Wednesday, Jul 20, 2005 at 12:40
Not sure about PCMCIA, but USB you can.

Go into your bios and check to see if you can boot from PCMCIA and check the PCMCIA device supports booting an OS (util software may be required).
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Reply By: Member - Sam (NSW) - Wednesday, Jul 20, 2005 at 14:26

Wednesday, Jul 20, 2005 at 14:26
There are USB key's that are bootable. About 1 GIG i think. Although you would possibly need one or two of them for anything useful. Transend make a few models (one up to 4GB)
AnswerID: 121305

Follow Up By: BenSpoon - Wednesday, Jul 20, 2005 at 14:43

Wednesday, Jul 20, 2005 at 14:43
Sam, FYI- all USB keys (and CD's, and floppys etc) can be bootable, its how you set them and your computer up that decides if they are or not though.
Looks like I might be settling on one of them- They seem to be the most cost effective option at the moment. I just dont like the idea of them getting shaken out of their plugs and making the computer crash.

Cheers
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Follow Up By: Member - Sam (NSW) - Wednesday, Jul 20, 2005 at 14:44

Wednesday, Jul 20, 2005 at 14:44
I should have mentioned that the Transend 4GB model is under $500 from memory. There are a few available from www.cworld.com.au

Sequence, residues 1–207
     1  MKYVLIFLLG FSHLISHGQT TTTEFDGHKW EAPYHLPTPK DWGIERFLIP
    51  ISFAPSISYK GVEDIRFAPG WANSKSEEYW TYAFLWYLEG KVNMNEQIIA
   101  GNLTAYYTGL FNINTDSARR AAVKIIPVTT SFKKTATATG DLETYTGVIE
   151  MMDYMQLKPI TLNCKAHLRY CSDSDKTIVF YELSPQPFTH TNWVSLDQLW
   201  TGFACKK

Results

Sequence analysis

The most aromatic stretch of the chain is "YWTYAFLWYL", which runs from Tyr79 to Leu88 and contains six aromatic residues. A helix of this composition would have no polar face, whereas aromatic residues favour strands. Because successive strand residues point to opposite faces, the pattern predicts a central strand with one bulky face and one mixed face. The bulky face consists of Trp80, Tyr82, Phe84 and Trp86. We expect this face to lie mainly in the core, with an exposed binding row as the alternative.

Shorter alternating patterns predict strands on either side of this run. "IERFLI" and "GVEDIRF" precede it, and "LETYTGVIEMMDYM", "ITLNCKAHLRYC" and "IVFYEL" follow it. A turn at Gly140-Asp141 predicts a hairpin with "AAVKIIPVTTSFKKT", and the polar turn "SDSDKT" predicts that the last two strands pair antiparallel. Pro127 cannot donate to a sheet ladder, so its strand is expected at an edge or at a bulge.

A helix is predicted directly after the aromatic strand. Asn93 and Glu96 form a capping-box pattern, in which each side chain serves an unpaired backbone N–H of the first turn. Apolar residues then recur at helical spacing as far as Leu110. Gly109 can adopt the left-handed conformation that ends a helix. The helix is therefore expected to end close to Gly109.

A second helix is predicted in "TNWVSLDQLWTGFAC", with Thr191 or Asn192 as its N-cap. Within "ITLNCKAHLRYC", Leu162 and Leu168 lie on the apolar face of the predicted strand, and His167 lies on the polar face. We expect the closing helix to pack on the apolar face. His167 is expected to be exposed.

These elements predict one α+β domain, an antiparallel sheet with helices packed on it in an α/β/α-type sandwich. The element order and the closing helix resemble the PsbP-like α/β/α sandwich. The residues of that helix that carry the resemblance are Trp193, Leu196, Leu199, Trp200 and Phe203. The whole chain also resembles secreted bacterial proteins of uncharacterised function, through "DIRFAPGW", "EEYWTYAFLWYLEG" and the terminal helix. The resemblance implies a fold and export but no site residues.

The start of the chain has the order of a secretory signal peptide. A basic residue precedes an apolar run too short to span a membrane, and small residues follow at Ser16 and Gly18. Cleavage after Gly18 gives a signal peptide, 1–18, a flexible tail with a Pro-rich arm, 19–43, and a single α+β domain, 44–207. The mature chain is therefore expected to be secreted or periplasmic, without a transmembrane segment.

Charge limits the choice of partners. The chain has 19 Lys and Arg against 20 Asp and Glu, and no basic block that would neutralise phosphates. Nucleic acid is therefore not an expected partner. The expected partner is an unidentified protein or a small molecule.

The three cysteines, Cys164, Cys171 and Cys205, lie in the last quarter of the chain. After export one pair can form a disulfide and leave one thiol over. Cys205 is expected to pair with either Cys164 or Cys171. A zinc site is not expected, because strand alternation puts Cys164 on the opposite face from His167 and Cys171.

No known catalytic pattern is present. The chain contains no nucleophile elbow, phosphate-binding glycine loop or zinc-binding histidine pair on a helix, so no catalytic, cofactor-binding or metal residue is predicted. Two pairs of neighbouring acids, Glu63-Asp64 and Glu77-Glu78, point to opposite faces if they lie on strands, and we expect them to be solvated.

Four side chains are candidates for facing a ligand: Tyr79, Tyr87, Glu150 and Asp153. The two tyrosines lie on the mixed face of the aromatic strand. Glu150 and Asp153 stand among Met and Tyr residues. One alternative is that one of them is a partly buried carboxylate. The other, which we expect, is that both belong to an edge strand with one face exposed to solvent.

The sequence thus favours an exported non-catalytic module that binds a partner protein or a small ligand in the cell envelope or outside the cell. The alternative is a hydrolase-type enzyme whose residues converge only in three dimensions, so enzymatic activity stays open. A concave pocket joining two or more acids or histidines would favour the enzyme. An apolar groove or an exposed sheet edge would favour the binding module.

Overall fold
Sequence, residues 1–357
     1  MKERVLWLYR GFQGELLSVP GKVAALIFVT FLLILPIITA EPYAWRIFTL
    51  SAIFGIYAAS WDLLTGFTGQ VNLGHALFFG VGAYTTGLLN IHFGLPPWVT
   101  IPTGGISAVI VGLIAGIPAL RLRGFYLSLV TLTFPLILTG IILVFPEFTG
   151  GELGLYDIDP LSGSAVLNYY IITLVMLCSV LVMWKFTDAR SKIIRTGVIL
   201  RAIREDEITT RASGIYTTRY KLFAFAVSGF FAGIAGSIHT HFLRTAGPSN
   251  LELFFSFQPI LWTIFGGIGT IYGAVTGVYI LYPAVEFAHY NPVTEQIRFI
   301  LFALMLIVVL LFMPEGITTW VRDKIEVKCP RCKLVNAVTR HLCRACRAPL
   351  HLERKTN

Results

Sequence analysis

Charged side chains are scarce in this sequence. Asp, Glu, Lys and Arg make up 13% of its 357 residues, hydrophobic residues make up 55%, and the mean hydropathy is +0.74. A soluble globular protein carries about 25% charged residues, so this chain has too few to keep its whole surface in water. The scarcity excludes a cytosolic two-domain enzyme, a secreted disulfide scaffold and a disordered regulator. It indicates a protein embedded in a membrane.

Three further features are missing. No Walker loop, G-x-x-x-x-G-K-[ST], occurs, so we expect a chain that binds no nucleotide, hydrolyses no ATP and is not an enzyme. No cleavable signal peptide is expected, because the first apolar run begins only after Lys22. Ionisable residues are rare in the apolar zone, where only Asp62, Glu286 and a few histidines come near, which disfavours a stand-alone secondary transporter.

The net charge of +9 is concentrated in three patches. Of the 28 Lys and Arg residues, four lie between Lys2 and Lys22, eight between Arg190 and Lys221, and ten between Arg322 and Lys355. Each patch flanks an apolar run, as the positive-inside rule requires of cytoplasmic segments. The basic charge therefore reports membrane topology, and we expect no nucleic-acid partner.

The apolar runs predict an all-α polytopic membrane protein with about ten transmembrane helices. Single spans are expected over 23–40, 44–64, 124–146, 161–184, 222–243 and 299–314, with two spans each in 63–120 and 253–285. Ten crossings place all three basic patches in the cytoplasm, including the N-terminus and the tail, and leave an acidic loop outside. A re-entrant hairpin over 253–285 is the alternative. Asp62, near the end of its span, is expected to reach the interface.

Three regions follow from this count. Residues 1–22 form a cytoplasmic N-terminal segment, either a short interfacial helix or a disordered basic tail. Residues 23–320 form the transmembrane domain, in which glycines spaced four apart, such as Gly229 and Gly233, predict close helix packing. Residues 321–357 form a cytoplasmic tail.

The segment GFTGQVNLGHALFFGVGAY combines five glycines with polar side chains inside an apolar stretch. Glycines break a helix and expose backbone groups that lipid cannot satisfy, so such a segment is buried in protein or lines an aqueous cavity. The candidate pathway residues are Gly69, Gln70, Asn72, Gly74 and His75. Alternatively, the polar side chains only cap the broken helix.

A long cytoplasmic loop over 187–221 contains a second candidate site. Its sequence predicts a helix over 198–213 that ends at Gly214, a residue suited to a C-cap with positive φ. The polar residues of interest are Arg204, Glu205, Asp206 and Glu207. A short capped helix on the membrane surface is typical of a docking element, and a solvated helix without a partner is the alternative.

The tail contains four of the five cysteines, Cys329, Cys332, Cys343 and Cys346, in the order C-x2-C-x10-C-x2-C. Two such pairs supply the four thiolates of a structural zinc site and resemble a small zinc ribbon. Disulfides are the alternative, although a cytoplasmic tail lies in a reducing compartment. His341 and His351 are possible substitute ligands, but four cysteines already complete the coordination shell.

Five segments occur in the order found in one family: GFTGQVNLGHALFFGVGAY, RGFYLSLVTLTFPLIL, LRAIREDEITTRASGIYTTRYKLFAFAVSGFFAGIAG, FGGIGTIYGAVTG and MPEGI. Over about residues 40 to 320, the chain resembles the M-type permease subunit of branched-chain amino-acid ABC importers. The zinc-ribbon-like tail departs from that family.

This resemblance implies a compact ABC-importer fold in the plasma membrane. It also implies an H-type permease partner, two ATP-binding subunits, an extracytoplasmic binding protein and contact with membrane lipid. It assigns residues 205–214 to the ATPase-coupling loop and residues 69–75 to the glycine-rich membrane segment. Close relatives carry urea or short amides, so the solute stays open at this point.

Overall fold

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Follow Up By: Member - Sam (NSW) - Wednesday, Jul 20, 2005 at 14:49

Wednesday, Jul 20, 2005 at 14:49
I know all USB mass storage devices can be bootable. The key word is 'can' though. I have come across numerous USB devices that have not worked as they should have due to them not conforming 100% with the USB standards. Not being critical, merely warning that there are some dodgy products out there. Same goes for some firewire units too.
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Reply By: Member - Jeff M (WA) - Wednesday, Jul 20, 2005 at 14:42

Wednesday, Jul 20, 2005 at 14:42
I think the bootable CD is a good way to go.

Have you though about putting stacks of ram in the machine and setting the HDD to power save after say 1 minute. Once the HDD is asleep it parks doesn't it? If you've loaded everything you need into ram surley there wouldn't be a need to wake the HDD up?

Don't know if it would work or not, just chucking some ideas up in the air...

Actually there's an idea, set a RAM drive up (can you still do that with XP?). That way you could still record tracks etc as well, have a batch file that copies Ozi and everything accross to the RAM drive on bootup, then sleep the HDD.
AnswerID: 121309